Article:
From the England Calling blog:
There is a special relationship between England and America but it is not the one beloved of politicians. The special relationship is one of history and culture. American culture is an evolved Englishness, much added to superficially but still remarkably and recognisably English.”
The quote above is from a piece on that blog entitled Ultimately the USA is the child of England: no England, no United States.
Obviously I agree with that sentiment, because that is the gist of what this blog is meant to impart, and it’s only necessary to do so (though it shouldn’t be) because the current view of history is one that tries to diminish or deny the English origins of America.
As to the “special relationship” between England (or the United Kingdom) and the USA, unfortunately that phrase has been invoked in recent years only to refer to some kind of ideological kinship or agreement on principles between the two countries. We heard it invoked by Tony Blair and George Bush during the early days of the Iraq War. For some of us, that whole episode is best not spoken of. But the quote at the top of this post is right: the ‘special relationship’ is one of history, language, and culture. I would add: at least at the inception of this country, a relationship of blood.
The current administration made quite a point, in its early days, of repudiating, in act if not in word, the ‘special relationship.’ And not surprisingly. As fewer and fewer people of English descent have any real power in any branch of government.
I know that there is a certain type of American who bristles at any mention of our owing a cultural or historical debt to England, and usually this is because the offended person was brought up with a skewed view of history in which the English were seen not as our cousins, our kinsmen, but as some kind of foreign occupying power, and as our oppressors, as enemies of ”freedom” and “liberty”. In fact our very conception of liberty is one that developed in England and was transplanted to this country.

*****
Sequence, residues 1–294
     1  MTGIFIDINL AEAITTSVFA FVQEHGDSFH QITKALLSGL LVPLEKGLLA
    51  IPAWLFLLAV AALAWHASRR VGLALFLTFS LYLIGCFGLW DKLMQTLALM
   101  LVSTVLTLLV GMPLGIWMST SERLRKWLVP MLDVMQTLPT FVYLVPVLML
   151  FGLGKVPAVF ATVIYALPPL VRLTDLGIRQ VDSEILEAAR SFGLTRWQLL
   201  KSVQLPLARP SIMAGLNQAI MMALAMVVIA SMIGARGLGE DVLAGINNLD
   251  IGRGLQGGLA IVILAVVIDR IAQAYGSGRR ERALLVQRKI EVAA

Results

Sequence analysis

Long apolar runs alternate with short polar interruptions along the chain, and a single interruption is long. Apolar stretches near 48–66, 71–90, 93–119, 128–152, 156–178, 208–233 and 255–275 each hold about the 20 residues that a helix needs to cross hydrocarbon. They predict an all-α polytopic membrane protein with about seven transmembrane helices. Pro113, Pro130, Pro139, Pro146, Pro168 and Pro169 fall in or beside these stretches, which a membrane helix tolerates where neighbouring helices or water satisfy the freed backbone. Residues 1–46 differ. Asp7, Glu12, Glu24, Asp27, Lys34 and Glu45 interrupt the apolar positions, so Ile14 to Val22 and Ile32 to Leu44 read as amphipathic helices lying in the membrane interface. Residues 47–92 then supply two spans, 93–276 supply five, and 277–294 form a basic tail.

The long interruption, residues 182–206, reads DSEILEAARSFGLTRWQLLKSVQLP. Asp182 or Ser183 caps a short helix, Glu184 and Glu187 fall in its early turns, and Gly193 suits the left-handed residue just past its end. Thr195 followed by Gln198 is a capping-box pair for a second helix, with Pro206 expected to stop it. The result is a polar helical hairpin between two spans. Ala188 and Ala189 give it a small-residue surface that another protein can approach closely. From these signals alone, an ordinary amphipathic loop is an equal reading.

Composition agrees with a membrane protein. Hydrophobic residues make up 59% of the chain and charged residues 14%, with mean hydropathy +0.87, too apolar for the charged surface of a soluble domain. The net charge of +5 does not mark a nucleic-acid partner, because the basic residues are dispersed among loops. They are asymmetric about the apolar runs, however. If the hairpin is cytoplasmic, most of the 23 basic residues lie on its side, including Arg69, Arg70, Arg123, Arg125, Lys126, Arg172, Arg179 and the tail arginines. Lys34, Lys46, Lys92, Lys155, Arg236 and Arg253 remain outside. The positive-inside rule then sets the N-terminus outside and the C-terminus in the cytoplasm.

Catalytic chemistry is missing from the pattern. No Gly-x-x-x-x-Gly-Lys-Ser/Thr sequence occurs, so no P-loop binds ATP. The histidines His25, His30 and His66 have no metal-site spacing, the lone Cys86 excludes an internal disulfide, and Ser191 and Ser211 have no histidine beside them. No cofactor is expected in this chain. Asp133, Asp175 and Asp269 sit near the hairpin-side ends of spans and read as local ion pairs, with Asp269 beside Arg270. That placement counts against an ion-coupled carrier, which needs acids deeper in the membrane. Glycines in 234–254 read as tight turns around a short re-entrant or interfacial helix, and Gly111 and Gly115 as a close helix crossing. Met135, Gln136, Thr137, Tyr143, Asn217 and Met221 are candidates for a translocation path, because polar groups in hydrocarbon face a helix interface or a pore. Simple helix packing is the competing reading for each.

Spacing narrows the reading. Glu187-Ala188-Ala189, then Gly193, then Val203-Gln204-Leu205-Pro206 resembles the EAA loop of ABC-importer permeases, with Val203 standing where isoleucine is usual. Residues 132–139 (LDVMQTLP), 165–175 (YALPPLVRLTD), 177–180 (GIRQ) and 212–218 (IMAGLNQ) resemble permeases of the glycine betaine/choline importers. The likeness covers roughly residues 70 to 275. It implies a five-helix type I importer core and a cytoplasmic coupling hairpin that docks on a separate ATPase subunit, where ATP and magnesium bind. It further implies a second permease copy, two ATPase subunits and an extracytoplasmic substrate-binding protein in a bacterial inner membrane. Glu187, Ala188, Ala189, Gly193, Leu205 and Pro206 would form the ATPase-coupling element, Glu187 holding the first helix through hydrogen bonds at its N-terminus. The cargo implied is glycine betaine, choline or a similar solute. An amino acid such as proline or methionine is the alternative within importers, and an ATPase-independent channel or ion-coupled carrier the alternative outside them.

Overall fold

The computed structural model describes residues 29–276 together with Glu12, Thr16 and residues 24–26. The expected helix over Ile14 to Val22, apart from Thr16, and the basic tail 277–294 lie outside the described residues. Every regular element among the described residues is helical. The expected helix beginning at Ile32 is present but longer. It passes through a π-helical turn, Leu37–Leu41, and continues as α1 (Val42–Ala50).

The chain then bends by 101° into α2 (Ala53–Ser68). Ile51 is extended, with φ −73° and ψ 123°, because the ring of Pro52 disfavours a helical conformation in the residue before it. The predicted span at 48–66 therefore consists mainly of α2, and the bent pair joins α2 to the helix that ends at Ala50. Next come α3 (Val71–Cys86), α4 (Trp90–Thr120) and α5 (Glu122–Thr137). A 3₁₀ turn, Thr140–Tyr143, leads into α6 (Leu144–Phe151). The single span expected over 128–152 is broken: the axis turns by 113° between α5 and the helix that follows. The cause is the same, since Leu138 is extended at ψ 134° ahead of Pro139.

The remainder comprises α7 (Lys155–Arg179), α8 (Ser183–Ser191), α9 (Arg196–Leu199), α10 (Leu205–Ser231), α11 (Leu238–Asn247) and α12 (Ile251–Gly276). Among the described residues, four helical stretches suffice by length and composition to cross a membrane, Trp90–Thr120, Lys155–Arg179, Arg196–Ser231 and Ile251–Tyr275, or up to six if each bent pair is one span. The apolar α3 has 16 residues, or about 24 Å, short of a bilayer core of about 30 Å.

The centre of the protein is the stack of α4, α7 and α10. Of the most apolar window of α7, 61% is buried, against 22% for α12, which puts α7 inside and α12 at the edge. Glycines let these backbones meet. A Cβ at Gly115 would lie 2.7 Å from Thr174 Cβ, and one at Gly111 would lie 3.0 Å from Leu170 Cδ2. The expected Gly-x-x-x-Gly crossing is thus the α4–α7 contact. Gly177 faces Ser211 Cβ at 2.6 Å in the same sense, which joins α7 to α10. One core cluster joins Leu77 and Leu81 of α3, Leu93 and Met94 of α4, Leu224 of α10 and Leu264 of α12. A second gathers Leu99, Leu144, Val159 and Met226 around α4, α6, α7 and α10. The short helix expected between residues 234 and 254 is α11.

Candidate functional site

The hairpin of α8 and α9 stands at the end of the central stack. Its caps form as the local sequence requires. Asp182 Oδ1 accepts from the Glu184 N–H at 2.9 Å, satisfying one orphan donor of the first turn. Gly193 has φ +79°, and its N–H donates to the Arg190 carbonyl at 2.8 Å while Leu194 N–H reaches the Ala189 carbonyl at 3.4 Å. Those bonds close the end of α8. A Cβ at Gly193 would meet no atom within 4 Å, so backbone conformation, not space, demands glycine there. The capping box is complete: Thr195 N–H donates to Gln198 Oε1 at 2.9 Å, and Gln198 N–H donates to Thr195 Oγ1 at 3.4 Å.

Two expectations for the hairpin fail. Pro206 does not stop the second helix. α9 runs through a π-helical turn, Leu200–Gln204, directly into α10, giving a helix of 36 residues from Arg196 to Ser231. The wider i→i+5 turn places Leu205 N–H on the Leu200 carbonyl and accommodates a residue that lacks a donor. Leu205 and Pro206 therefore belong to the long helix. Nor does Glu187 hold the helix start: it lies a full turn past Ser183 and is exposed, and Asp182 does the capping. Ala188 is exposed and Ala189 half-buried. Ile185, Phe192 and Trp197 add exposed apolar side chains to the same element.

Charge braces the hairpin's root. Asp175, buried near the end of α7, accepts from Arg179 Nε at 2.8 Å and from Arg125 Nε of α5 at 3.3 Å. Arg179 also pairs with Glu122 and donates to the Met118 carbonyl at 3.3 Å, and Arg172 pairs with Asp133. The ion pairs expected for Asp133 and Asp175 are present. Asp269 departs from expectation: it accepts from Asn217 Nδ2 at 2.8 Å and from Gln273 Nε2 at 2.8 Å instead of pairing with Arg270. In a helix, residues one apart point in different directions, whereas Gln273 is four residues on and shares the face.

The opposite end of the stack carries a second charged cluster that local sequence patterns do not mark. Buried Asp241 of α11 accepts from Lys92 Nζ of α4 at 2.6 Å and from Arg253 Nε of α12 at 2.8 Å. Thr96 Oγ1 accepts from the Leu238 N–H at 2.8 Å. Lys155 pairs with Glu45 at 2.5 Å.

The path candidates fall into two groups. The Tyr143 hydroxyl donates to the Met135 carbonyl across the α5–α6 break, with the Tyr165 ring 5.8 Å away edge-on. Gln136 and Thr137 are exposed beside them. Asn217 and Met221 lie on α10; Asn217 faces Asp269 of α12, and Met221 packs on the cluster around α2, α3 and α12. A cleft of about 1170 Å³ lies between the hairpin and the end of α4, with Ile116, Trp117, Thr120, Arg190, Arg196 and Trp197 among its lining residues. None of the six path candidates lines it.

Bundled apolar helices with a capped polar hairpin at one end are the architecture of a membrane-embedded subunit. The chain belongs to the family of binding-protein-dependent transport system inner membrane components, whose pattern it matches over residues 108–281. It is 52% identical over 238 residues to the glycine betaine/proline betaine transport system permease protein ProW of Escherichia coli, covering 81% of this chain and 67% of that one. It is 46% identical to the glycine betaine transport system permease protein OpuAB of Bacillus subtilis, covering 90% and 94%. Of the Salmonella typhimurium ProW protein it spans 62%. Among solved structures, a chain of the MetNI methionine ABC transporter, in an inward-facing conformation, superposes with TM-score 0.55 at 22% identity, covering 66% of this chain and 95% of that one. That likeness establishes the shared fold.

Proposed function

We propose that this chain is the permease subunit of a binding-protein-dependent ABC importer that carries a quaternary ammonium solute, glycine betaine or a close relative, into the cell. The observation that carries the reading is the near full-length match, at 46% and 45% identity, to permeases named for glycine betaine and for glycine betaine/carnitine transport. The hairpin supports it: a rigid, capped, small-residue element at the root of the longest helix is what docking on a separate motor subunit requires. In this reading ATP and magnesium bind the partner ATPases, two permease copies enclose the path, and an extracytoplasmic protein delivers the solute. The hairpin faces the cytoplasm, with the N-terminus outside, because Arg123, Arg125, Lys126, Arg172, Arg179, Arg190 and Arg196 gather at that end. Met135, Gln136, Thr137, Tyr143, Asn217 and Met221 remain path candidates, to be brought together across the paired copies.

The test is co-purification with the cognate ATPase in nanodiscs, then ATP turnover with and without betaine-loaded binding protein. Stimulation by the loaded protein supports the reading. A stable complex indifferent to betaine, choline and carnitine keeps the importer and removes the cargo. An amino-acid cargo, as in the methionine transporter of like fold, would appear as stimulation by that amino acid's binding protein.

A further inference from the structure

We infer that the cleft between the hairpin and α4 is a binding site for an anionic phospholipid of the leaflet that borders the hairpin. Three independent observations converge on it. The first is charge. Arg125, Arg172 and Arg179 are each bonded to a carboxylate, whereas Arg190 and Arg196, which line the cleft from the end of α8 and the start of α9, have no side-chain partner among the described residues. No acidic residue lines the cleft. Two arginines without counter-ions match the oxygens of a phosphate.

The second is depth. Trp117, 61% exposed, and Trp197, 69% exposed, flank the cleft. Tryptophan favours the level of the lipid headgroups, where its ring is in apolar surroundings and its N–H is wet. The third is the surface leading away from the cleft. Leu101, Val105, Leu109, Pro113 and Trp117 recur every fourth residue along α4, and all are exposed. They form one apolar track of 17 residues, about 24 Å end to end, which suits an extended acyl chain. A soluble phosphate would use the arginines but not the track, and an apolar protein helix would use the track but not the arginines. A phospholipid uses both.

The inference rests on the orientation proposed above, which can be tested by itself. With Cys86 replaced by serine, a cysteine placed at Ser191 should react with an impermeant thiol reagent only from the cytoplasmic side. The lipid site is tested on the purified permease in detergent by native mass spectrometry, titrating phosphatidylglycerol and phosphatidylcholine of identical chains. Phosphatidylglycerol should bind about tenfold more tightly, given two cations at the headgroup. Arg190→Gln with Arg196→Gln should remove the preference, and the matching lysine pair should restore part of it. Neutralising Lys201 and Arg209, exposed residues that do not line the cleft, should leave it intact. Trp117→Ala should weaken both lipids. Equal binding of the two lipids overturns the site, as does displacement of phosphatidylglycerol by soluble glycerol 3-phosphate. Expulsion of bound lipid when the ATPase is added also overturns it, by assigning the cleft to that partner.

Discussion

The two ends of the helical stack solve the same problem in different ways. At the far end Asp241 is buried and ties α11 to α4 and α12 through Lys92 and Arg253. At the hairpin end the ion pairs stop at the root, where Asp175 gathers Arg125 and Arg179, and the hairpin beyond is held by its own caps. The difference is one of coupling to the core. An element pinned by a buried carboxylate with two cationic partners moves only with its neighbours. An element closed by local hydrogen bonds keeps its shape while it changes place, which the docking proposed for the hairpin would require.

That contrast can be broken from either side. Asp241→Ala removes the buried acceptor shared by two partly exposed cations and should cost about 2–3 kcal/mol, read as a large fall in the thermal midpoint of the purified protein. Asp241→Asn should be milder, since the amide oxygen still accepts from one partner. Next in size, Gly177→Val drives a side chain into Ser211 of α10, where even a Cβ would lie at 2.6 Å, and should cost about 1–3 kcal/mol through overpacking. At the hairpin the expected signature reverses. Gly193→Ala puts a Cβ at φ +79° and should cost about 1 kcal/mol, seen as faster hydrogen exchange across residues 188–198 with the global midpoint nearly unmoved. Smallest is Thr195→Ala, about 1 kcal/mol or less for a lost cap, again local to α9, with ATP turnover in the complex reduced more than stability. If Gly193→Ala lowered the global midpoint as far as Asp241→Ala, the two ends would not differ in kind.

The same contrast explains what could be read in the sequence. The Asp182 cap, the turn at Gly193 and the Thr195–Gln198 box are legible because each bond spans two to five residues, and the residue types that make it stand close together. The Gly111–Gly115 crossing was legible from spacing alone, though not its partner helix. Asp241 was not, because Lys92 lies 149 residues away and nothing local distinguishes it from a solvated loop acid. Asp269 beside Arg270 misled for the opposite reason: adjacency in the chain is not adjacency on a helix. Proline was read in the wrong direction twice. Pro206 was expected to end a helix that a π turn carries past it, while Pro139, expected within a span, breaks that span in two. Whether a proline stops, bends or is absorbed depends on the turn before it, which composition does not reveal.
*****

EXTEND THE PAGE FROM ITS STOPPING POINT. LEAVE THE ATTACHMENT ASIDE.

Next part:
The first ten amendments which form the American Bill of Rights draw their inspiration from the English Bill of Rights granted by William of Orange. The American Revolution was conducted by men whose whole thought was in the English political tradition.”
Another kind of American objects to the statement that America is the offspring of England by saying that ”this is a nation of immigrants and most of us are descended from immigrants from other countries, therefore we outnumber the descendants of the colonists” or ”more Germans (or Scots-Irish, depending on the objecting person’s ancestry) settled here than English people. Did you know German almost became our official language?” But there is an objective truth at stake here, and other ethnic groups tend to take it as personal attack if anyone cites the English roots of this country.
As for the ethnic makeup of early America, the writer says
The English were the numerically dominant settlers from the Jamestown settlement in 1607 until the Revolution. Moreover, and this is the vital matter, they were overwhelmingly the dominant settlers for the first one hundred years. Even in 1776 English descended settlers formed, according to the historical section of the American Bureau of Census, nearly sixty percent of the population and the majority of the rest of the white population was from the non-English parts of Britain.”
Yes, and natural increase alone, in the early days of the colonies up to independence, meant that the original stock had multiplied impressively, having very large families as a rule. They may have been few in number, those early colonists, but more arrived and population increased without the ”benefit” of mass immigration, which did not in fact happen until the 19th century on any scale.
I do encourage reading the whole blog piece linked above. In fact the blog England Calling is a very good resource for anyone who is interested in the theme of this blog, or even of the early history of America, and the England-America connection.